Flush it and forget it. That’s the motto most of us live by.
But surging through the sewers of Johnson County each year is more than 6 billion gallons of raw sewage that is diverted to Kansas City wastewater treatment plants.
And that could end up costing Johnson County big.
Kansas City is under the gun from the federal government to fix overflows of billions of gallons of raw sewage into its streams each year.
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The sewer rates for Kansas City residents are expected to quadruple in the next decade to pay for its $2.3 billion sewer project overhaul.
Johnson Countians are going to have to pay some of that tab, too. How much is still being negotiated and will be known later this summer.
“This does have the potential of having a significant impact on our ratepayers,” said John O’Neil, director of the county’s wastewater department. “We are keeping a close eye on this.”
Any rate increase would be spread among the county’s 133,000 customer accounts. The median Johnson County wastewater customer pays $39.42 every two months.
Up to now, it’s always been more cost effective for Johnson County Wastewater to divert nearly one third of its waste — 16.5 million gallons daily — to Kansas City for treatment.
But as Kansas City stares at the multi-billion dollar overhaul of its sewers — and the hefty price tag that comes with it — Johnson County may want to rethink its wastewater treatment strategy.
This summer, a group known as the Water Services Utility Funding Task Force will present recommendations for how to fund a plan to stop raw sewage overflows in Kansas City.It’s a major undertaking that is forcing Kansas City to face up to a long-ignored problem or pay millions in federal environmental clean-up fines.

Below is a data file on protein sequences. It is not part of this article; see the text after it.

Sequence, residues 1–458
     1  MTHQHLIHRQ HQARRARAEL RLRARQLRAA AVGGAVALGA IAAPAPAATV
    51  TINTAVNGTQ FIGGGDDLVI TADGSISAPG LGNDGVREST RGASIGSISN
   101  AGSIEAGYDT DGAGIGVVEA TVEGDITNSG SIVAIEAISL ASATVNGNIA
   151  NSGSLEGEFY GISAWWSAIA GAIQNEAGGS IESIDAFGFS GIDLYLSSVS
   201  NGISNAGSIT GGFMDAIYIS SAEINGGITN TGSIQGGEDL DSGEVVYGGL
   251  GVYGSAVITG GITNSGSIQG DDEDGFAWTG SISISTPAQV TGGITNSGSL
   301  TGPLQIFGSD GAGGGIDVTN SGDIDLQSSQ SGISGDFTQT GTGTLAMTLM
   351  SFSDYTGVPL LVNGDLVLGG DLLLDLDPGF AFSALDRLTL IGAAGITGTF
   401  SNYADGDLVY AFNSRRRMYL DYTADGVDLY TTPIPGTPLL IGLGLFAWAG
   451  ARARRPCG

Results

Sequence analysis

Since the late 1980s, Johnson County has kept a close eye on costs to determine whether it makes more sense to continue the wholesale treatment contract with Kansas City; expand its Tomahawk Creek Treatment Plant on Mission Road south of Interstate 435; or build an entirely new treatment facility, a move that could cost taxpayers tens of millions of dollars, O’Neil said.
A study done three years ago showed that if rates would increase by more than 8 or 9 percent each year, then it would be less expensive in the long run for Johnson County to expand its treatment capacity rather than continue to pay Kansas City to treat its waste.
Kansas City already increased sewer rates by 9.5 percent beginning May 1, but the increase has not yet been passed on to Johnson County ratepayers because county officials are still working on next year’s budget, O’Neil said.
The rate increase is not part of Kansas City’s $2.3 billion sewer overhaul.
And if the task force comes back this summer and says the rate increase for Johnson County is in the 15- to 18-percent range or higher, then it will be more cost effective for the county to make capital improvements to its own sewer system, O’Neil said.
“We’re waiting for a final determination to give us a more firm projection of where they’re headed and determine whether we should make improvements on our side to treat the flows here,” he said.
As engineers designing sewer systems know, waste flows downhill.
And if Johnson County receives a larger wastewater bill from Kansas City for treating some of the county’s waste, Olathe may receive a larger wastewater bill from Johnson County because some of the city’s waste is treated by the county.
Johnson County Chairwoman Annabeth Surbaugh and Commissioner Ed Peterson said the county will do what is in the best interest of its ratepayers.
“We are watching the rates so if it becomes more cost-effective for us to treat the water ourselves that’s the direction we’ll head,” Peterson said.